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Highlights

Over the last 10 years, the cost to confine federal Bureau of Prison (BOP) inmates in non-BOP facilities has nearly tripled from about $250 million in fiscal year 1996 to about $700 million in fiscal year 2006. Proponents of using contractors to operate prisons claim it can save money; others question whether contracting is a cost-effective alternative. In response to Conference Report 109-272, accompanying Pub. L. No. 109-108 (2005), this report discusses the feasibility and implications of comparing the costs for confining federal inmates in low and minimum security BOP facilities with those managed by private firms for BOP. GAO reviewed available data on a selection of 34 low and minimum security facilities; related laws, regulations, and documents; and interviewed BOP and contract officials.

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Recommendations

Recommendations for Executive Action

Agency Affected Recommendation Status
Bureau of Prisons 1. To help Bureau of Prisons (BOP) evaluate alternatives for confining inmates in low and minimum security facilities, and recognizing that there is a cost associated with gathering and analyzing data needed to compare costs across BOP and private facilities, the Attorney General should direct the Director of BOP to develop a cost-effective way to collect comparative data on low and minimum security facilities confining inmates under BOP's custody and design and conduct methodologically sound analyses that compare the costs of confining inmates in these facilities in order to consider contracting among other alternatives for low and minimum security confinement, consistent with Office of Management and Budget requirements.
Closed - Not Implemented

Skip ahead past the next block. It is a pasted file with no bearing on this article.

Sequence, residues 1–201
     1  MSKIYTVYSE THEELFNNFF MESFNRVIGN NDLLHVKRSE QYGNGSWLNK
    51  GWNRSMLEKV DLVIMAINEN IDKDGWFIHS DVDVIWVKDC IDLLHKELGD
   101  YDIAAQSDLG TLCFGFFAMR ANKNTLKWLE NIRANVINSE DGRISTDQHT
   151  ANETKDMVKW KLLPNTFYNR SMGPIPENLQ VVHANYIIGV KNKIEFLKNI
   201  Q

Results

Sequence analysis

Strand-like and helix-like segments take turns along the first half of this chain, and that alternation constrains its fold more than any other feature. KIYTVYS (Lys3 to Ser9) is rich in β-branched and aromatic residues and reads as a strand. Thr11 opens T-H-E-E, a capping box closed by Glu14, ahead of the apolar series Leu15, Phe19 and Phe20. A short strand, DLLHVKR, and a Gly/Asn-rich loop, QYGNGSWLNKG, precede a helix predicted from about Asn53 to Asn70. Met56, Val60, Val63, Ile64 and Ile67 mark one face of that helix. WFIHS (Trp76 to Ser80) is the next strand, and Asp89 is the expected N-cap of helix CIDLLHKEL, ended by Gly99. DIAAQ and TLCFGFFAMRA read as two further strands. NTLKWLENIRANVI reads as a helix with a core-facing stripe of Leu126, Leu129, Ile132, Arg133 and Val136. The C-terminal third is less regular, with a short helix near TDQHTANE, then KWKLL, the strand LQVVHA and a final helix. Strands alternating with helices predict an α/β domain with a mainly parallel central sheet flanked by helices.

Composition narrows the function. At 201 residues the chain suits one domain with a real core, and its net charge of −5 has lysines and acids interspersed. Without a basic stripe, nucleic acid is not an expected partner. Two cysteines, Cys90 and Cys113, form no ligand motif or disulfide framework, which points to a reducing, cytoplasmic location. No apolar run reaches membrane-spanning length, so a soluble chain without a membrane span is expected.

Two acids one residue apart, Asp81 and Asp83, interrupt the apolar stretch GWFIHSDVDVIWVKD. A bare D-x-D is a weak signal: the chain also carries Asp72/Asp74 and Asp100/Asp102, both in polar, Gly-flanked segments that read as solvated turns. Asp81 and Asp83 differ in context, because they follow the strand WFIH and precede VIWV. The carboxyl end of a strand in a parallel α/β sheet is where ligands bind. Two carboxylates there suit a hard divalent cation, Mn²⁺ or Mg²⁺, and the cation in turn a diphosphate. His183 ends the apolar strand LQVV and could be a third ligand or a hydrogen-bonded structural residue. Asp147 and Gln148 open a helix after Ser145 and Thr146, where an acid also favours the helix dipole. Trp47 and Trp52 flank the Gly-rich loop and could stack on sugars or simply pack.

In fiscal year 2007, we reviewed and reported on the federal Bureau of Prisons (BOP) data to assess alternatives for acquiring low and minimum security facilities. We reported, among other things, that because of projections of future growth of inmate populations, BOP will need to continue to acquire additional capacity; however BOP does not have the data necessary to do a methodologically sound cost comparison of its various alternatives for confining inmates in low and minimum security facilities. Department of Justice (DOJ) officials reported that they believe BOP collects the necessary cost information to perform cost comparisons and is, therefore, already complying with the recommendations. Specifically, they said BOP's bedspace arrangements with the private sector, obtained via firm fixed price competitive contracts, represent the full cost to the government and meet growing bedspace needs. According to DOJ, BOP's strategy for procuring bedspace in the foreseeable future will be through competitively awarded private prison contracts, consistent with OMB's Program Assessment Rating Tool guidance and direction. Also according to DOJ, the Department considers this recommendation closed and does not plan to take any additional actions to address it. However, to fully address this recommendation, BOP would have to develop a cost-effective way to collect data on low and minimum security facilities and design and conduct methodologically sound analyses. These analyses would compare the costs of confining inmates in order to consider contracting among other alternatives for low and minimum security confinement, such as building new facilities, buying existing facilities, or expanding facilities already operated by BOP. Therefore, we are closing this recommendation as not implemented.

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